The Police Are Better at Copywriting Than You

A seemingly insignificant story in the news made an unusually profound impact on me.  This is what I learned.

My days begin by perusing newspapers and online resources to feed my addiction to current events.  Local, state, regional, national, international, human interest, technology … it doesn’t matter.  I’ll read almost anything.

That’s how I came across the standard details of a common police operation that were run together in a story written by a nameless person whose mind was probably wandering onto his or her next story before lunch.

There were no obvious typos, such as the misspelling of “Jesus” on a Vatican coin.

This was simply an average, unexceptional formulaic report presenting the “Who, What, When, Where and Why” of arrests made as the result of a sting operation.

The police had placed an online ad offering fine upstanding citizens a chance to purchase an illegal service. The specific crime was mentioned, but it could have been anything from an attempt by law enforcement to nab bandits fencing stolen goods, entice desperadoes seeking illicit sex, trick spouses looking for a hit man or any similar offense.

Who was arrested, where it happened, when it took place or why it made the news were uninteresting, but one statistic changed my day.

Seventy-five people sought, found and responded to the ad in the first 24 hours.

I was amazed. Stunning results, if you ask me. The kind of response that people pay copywriters to achieve.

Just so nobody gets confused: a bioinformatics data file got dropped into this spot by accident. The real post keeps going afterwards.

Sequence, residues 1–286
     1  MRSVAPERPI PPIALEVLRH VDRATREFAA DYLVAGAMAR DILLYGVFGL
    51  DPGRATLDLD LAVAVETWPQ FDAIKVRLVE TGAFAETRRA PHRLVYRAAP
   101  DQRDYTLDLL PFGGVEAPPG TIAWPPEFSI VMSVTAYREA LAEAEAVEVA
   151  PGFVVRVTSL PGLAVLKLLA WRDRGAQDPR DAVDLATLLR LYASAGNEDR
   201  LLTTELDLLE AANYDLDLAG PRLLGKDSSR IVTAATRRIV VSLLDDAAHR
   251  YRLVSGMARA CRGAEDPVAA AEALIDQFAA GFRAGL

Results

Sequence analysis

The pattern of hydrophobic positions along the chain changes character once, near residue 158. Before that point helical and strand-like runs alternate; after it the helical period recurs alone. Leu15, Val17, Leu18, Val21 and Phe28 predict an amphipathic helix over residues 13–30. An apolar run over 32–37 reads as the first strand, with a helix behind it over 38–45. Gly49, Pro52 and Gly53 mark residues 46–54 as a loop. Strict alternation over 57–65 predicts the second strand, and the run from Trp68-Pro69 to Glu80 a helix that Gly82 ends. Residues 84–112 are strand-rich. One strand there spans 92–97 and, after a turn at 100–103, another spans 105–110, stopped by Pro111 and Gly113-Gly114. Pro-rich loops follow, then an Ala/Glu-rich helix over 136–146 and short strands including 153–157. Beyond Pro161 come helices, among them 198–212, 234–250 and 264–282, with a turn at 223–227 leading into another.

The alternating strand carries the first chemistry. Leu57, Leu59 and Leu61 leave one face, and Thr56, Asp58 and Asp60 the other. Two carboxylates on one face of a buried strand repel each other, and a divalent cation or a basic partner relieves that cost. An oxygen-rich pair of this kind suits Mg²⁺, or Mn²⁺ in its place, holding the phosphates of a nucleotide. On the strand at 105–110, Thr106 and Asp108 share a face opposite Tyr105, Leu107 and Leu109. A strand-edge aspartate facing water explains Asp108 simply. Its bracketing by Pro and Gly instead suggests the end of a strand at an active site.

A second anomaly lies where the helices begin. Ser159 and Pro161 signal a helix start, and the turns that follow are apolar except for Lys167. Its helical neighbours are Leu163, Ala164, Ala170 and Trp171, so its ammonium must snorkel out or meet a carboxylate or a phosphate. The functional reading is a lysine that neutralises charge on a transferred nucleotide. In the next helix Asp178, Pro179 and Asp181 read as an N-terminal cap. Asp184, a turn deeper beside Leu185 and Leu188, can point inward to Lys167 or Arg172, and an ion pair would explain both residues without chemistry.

I wanted to meet the author and learn the secrets of getting readers to similarly heed my calls to action.

In this case, the police applied the basics of copywriting:

  • Know your audience.
  • Master your message.
  • Research where and when to reach your audience.
  • Understand what your audience wants.
  • Compose copy that inspires them. Flirt with them; tell them you will meet their needs. Then, convince them they’d better hurry or their lives will be nothing but worthless regret if they don’t respond promptly.
  • The online advertisement had only one goal: To evoke a response.

If a police officer can write masterpiece copy, so can you.

Once again, here’s how:

  • Focus on the primary goal of copywriting: Response.
  • Study your target audience.
  • Determine what needs or desires your product or service meets.
  • Eliminate everything that doesn’t aim your message at the primary target.
  • Edit, proofread, spell-check, reword and polish your message until it shines.

Arrest your readers. Bring them to a stop. Seize, capture and take them into custody.

Make them an offer they can’t refuse.

How will you know you’ve done your job well? Say it with me: “By the response.”


  • Steve Burge

    Steve is the founder of OSTraining. Originally from the UK, he now lives in Sarasota in the USA. Steve's work straddles the line between teaching and web development.

0 0 votes
Article Rating
Notify of

Newest Most Voted
Inline Feedbacks
View all comments
10 years ago

Great article! – Thank you guys for all of your feedback and information you stuff into your newsletters. We sell a lot to law enforcement agencies…so this article struck me as being funny…because we’re constantly trying to “hook” them (for a sale) in our newsletters. 🙂 > Spy-Tronix – America’s favorite spy shop!

10 years ago
Reply to  Guest

Thanks for the kind words, Spy Tronix!

Would love your thoughts, please comment.x